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Re: KillieTalk Digest V2 #664
>I am looking for information, help, experiences related to young fish/fry
>dead as a result of shock and/or how to prevent it.
What Tony T called crazy man's, disease Marshall Ostrow suggested was
acidosis. (One of the TFH books on diseases has a section on it.) Marshall
had been raising industrial quantities of gardneri for some graduate work he
was doing. Outbreaks of that situation were common enough that he looked
into why his gardneri, in ungraveled, bare tanks, would go from looking so
good to so sad in an amazingly short period of time. He concluded in his
case that it was because he was heavily feeding a lot of rapidly growing
killies. Even with very faithful water changes, sometimes the accumulated
wastes in the water would cause a pH plunge and the fish would go nuts. (I
have demonstrated that the problem can happen with smaller quantities of
killies if water changes are ignored.)
Either he or someone else suggested dropping a quarter teaspoon of
plaster of Paris mix into a tank as a quick fix until another tank could be
readied. I once noticed a ten gallon tank of gardneri Misage getting flighty
just before work one morning. I dropped the recommended plaster of Paris and
left for work with great misgivings. That afternoon the gardneri were no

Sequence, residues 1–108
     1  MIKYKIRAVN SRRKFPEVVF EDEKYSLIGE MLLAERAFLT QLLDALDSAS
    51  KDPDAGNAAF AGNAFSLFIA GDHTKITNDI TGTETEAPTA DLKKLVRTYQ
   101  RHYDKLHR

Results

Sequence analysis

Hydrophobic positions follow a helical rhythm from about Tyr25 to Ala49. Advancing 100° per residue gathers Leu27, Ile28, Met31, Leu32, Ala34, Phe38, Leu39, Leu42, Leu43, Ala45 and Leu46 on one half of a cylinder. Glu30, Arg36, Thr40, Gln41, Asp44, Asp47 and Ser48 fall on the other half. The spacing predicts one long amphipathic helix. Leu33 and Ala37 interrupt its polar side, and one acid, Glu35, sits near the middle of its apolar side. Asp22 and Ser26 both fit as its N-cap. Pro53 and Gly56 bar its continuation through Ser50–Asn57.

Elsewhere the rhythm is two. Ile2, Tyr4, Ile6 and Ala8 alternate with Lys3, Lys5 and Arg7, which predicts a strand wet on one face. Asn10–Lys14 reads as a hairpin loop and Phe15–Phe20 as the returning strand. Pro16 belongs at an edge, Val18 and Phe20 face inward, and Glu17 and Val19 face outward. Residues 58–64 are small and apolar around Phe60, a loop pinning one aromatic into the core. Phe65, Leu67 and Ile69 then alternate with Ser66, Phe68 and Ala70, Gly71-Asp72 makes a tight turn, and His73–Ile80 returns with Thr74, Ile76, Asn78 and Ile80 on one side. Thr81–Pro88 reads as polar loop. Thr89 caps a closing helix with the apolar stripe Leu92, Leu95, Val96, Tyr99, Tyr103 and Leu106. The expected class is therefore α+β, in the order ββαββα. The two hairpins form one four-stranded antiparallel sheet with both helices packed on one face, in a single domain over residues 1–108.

worse off and maybe a little better than they had been. That tank was
completely changed immediately. The problem went away.
The few times I've encountered it the tanks were usually bare bottomed.
I wonder if even the relatively hard red flint gravels offer some buffering
Your annuals with their rapid growth and food consumption might be
especially vulnerable to acidosis. I would guess peat moss in an otherwise
bare tank is not going to do much to stop a pH plunge either.
I have also had a killie or two fatally clobber itself when lights
suddenly went on. The timers are now staggered so that something of a
"sunrise" takes place before I go lurking among the tanks.
I wonder if a small tufa rock (used in Tanganyikan cichlid tanks) or the
crushed shell grit on the tank bottom favored by rainbow nuts (especially
when raising fry) would help. Obviously too much of those will harden the
water considerably and maybe lead to problems of their own.
I once raised a nice batch of A. striatum in a tank with a tufa rock.
Nothing on the egg production front happened. The striatum were carefully
switched with a pair of Julidochromis (one of the small Tanganyikan
cichlids). In a couple of weeks there were fry cruising both tanks, once I
go the decore down right.
Maybe a small start here anyway...
All the best!